Much like the proverbial dog in our story, the heart and soul of the UM Church is dying, and the folks who will be left with it seem unaware or uninterested in that detail.
May I make this earnest appeal to our institutionalist and progressive friends, especially those with power to make real change happen? Find enough care within yourselves for the institution of the UM Church to not drag it through the public square while it languishes in this no-man’s land. Do not ask us to wait years while you pick and choose where the Book of Discipline will apply.
There is a simple way out of this mess that holds integrity, shows grace, and trusts God. Let those who oppose your theological stand go their own way with the property and assets that they’ve built in good faith. Suspend the trust clause. Empower WesPath to work with those exiting to a new denomination so that liabilities can be transferred seamlessly. Trust that if you are indeed in the right, God will not only provide but vindicate you without your having to force the issue. And if you aren’t, you ought to want to know that sooner than later. I’d say the same for myself.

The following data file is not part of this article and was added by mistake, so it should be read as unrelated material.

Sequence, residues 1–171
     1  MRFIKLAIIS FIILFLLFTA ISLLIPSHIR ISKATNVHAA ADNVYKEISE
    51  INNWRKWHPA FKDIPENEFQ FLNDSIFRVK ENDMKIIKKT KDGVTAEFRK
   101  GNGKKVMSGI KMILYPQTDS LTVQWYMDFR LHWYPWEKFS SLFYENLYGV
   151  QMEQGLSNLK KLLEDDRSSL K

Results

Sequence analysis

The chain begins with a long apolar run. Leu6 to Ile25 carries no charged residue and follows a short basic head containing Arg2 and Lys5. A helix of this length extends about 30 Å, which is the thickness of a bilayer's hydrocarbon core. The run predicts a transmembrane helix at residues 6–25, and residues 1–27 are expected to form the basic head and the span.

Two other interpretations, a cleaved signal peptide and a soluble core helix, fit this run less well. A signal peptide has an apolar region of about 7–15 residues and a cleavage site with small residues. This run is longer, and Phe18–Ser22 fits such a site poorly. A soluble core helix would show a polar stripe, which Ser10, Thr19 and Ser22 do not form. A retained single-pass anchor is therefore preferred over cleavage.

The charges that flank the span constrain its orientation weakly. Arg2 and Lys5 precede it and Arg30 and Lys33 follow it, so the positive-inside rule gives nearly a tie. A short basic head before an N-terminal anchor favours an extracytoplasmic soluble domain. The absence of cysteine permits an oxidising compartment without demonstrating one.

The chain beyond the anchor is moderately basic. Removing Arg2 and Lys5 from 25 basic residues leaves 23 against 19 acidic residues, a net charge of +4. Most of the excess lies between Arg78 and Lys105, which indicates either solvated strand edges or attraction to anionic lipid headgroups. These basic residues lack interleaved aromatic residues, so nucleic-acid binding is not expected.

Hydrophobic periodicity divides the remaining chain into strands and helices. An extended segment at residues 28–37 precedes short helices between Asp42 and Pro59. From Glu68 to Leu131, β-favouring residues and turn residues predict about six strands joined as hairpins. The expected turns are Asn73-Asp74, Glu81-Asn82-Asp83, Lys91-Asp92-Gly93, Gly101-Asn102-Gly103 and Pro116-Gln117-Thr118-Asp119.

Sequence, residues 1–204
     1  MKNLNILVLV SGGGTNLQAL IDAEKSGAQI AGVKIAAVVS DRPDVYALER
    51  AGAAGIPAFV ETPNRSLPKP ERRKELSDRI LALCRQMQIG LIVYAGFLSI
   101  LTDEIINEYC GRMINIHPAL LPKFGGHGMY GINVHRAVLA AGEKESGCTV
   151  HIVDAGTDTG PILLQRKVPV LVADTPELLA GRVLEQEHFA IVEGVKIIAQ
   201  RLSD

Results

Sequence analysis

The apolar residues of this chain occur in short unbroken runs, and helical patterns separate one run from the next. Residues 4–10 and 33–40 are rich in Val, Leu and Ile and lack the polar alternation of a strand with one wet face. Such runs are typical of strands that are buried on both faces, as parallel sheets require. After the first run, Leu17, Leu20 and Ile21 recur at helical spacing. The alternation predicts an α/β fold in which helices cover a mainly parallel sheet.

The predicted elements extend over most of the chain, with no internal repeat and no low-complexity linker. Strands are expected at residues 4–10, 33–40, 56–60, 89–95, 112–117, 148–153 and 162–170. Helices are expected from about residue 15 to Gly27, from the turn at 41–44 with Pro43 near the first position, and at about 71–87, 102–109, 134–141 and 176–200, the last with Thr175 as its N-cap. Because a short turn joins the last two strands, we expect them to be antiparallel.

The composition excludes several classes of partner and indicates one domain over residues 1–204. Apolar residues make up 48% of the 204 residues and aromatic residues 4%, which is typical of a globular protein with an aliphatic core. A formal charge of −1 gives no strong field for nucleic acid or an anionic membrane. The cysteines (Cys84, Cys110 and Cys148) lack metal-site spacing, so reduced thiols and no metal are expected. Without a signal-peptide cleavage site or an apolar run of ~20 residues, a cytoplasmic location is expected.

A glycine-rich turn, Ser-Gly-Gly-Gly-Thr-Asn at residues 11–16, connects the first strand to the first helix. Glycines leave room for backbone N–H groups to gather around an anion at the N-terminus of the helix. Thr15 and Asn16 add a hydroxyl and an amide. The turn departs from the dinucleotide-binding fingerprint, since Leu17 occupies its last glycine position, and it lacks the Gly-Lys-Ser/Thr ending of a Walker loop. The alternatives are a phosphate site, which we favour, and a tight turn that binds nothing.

As my bishop, Sue Haupert-Johnson, told The Washington Post shortly after the 2019 special General Conference, “We’ve either got to figure out how we go together or how we separate. I’m tired of the meanness. I’m tired of the pettiness. I’m tired of the fighting to win at all costs.”
I think we all are.
Friends, this doesn’t have to be complicated. We don’t have to empty our cupboards and create a scene. Just let those of us who, in good conscience and faith disagree with the direction of the UM Church, graciously set forth in a new direction.
It’s as simple as that.
The Rev. Dr. Carolyn Moore is the founding and lead pastor of Mosaic Church in Evans, Georgia. She also serves as the chairwoman of the Wesleyan Covenant Association Global Council. You can read more of her essays by visiting her webpage: The Art of Holiness.